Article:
Florence Leung’s husband has penned an emotional letter to those who may be suffering with postpartum depression, following the death of his wife in November.
The 32-year-old New Westminster mother was the subject of a massive search after she went missing in late October. It was soon revealed that Leung had been suffering from postpartum depression, causing concern among her loved ones.
Her body was found Nov. 16 off the coast of Bowen Island.
Police do not suspect foul play.
Now, her husband has taken to social media in a big way – calling attention to the mental and emotional struggles faced by new mothers.
“For all the new moms experiencing low mood or anxiety, please seek help and talk about your feelings. You are Not alone. You are Not a bad mother. Do not EVER feel bad or guilty about not being able to “exclusively breastfeed”, even though you may feel the pressure to do so based on posters in maternity wards, brochures in prenatal classes, and teachings at breastfeeding classes.”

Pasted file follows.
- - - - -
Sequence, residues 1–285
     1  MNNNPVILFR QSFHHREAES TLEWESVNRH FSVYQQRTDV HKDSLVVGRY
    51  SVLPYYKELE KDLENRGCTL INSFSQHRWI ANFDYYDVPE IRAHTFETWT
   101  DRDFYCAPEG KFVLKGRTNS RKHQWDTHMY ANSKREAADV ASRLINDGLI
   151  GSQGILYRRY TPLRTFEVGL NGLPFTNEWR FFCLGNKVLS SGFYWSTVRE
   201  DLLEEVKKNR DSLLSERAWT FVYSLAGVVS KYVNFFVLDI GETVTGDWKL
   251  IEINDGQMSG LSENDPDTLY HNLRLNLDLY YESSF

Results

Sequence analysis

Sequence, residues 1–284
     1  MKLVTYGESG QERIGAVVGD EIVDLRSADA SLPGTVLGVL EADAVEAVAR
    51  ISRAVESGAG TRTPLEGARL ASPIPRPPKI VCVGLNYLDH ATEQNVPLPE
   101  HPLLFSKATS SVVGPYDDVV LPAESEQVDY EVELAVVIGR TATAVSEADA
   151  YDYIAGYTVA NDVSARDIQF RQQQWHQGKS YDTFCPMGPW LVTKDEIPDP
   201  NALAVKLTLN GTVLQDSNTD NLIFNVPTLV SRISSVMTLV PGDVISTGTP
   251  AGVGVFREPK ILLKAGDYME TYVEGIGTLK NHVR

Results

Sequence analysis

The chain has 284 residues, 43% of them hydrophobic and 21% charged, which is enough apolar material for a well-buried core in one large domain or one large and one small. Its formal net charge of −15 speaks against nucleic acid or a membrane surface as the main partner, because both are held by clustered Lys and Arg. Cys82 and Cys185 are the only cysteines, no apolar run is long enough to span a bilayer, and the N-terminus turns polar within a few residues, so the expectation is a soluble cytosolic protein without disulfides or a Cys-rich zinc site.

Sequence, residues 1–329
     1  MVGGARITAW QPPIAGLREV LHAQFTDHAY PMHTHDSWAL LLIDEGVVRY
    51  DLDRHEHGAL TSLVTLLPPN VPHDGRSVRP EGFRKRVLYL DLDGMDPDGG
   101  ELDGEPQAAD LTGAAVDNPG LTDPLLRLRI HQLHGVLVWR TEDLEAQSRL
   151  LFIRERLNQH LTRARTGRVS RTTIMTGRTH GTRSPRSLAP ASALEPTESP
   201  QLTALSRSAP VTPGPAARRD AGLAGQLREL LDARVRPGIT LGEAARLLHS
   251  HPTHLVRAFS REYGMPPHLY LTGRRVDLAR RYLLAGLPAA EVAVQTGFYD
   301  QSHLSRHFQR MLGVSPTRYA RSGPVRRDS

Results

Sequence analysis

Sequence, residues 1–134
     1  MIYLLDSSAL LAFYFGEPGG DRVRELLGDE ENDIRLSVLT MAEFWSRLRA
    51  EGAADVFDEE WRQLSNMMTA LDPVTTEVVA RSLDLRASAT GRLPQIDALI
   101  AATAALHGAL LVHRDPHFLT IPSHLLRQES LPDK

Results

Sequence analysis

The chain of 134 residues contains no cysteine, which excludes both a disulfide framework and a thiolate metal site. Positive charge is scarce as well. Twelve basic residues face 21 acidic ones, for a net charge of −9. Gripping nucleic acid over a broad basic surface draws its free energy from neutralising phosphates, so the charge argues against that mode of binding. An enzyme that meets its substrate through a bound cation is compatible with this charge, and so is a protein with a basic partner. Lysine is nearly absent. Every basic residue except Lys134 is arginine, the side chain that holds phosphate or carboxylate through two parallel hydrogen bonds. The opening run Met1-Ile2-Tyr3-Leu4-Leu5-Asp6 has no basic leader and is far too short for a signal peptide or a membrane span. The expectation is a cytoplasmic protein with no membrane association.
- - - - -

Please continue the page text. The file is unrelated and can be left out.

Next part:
He also speaks of the intense grief he experienced following Florence’s death, along with an update on their baby boy, saying he’s smiling and laughing often.
“It felt like half a year had passed since that day, but in fact it had only been 2 months. I have been living in survival mode: living a day at a time, sometimes an hour at a time – exactly like many people taught me to do. Living at the moment is truly the only way to go through this at this stage. As the initial shock and emotional numbness slowly subsides, I’m experiencing more flashbacks of memories from our 6.5 years of happiness, and for now these memories tend to trigger pain and intense longing,” he says.
Postpartum depression (PPD) is a condition that may begin during pregnancy, or at any time up to a year after the birth of a child.
A parent with postpartum depression may have frightening thoughts about harming themselves or the baby, not enjoy spending time with the baby, and have recurring thoughts that they are a bad parent, according to The Canadian Mental Health Association.
It is estimated anywhere from six to 13 per cent of moms in Canada experience the condition.